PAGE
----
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Designing Customer-Centric Experiments: Insights from Specsavers

Explore Melanie's strategies for crafting customer-focused experiments at Specsavers, enhancing digital journeys and scaling innovation.

Summary

Melanie Kyrklund, Global Head of Experimentation at Specsavers, oversees the optimization of digital journeys for booking appointments, ordering prescription glasses, and contact lenses. Starting just before the pandemic, Melanie transitioned the experimentation strategy in-house, building a team to manage deployment and support capabilities like global testing tools, server-side integration, and analytics. Her focus is on scaling experimentation, enabling teams to conduct their own tests, and moving towards a center of excellence approach.

Melanie emphasizes the importance of aligning experimentation with user needs, business partnering, and integrating with product development. She advocates for embedding experimentation into daily workflows to foster a culture of experimentation and recognizes the need for patience in seeing results in large organizations.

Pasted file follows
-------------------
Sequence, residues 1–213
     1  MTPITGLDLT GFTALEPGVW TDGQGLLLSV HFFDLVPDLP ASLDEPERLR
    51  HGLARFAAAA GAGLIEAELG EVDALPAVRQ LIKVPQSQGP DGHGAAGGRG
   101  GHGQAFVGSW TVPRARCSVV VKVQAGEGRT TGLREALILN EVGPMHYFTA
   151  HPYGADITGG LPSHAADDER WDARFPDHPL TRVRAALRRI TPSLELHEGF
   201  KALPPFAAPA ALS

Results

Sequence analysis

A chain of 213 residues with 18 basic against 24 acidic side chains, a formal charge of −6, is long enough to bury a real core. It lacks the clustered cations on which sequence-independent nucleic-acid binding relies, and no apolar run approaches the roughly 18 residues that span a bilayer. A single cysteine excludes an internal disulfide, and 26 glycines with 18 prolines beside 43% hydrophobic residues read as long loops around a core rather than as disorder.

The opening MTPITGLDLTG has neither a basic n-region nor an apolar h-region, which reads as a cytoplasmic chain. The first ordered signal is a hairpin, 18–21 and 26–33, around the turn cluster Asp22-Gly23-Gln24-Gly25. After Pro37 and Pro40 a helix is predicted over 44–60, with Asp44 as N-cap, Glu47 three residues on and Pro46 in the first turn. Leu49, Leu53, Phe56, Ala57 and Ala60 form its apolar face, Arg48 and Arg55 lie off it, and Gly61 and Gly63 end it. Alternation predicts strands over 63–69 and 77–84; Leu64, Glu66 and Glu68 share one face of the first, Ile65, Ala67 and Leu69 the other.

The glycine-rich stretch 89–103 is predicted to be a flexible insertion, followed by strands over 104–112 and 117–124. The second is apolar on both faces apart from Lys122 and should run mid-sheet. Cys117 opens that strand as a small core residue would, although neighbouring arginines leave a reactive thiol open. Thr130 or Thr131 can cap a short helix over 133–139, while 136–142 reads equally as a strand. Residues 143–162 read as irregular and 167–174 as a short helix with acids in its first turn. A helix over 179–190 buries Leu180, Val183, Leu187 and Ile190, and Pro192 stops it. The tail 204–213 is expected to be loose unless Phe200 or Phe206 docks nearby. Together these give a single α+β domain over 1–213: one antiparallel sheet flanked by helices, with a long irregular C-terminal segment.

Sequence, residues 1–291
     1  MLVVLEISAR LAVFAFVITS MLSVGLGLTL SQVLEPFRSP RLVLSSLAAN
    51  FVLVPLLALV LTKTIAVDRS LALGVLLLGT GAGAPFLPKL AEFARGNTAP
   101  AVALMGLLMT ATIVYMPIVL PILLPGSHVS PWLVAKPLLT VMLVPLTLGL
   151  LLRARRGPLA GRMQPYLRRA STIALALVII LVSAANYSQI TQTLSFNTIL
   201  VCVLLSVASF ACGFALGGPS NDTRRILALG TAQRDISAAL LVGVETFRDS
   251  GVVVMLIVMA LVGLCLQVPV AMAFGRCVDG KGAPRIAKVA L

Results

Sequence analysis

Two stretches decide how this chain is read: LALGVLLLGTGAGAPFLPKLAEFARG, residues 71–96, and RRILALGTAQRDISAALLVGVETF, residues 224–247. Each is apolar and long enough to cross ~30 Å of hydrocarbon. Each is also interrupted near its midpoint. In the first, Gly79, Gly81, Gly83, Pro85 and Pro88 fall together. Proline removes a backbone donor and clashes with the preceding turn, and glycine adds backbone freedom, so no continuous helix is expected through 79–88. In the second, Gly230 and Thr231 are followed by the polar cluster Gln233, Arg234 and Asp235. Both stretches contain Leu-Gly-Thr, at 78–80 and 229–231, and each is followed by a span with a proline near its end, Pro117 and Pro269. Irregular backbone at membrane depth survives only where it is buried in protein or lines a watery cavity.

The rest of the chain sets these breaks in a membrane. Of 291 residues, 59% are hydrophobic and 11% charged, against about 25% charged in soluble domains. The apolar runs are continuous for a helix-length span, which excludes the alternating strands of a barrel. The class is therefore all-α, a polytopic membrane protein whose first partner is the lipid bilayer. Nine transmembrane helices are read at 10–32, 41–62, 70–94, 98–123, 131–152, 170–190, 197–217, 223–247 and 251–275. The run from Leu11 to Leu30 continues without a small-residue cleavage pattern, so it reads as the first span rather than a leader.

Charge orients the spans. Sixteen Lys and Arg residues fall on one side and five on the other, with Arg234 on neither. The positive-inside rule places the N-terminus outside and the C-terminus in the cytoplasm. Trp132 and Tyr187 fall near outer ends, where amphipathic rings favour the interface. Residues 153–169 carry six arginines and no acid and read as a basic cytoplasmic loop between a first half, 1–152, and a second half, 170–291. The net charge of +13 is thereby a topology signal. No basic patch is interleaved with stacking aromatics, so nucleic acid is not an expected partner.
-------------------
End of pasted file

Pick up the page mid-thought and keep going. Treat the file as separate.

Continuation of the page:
Key Takeaways

  • User-Centric Approach: Melanie uses a User Needs framework, focusing on user research to identify key customer needs and tasks, which guides the experimentation process.
  • Team Structure: The experimentation team at Specsavers is small but works closely with regional optimization teams, product owners, and an external agency. The goal is to scale up and enable more in-house experimentation.
  • Balancing Data and Intuition: While data-driven decision-making is crucial, there's room for human intuition and expertise, especially in the discovery phase or when data alone doesn't provide clear direction.

Transcript

[00:00:00] Ishan Goel: Hello everyone. Welcome to VWO’s annual virtual summit for growth and experimentation professionals. I’m Ishan Goel. I am the Associate Director of Data Science at VWO. Thousands of brands across the globe use VWO as their experimentation platform to run A/B tests on their websites, apps, and products.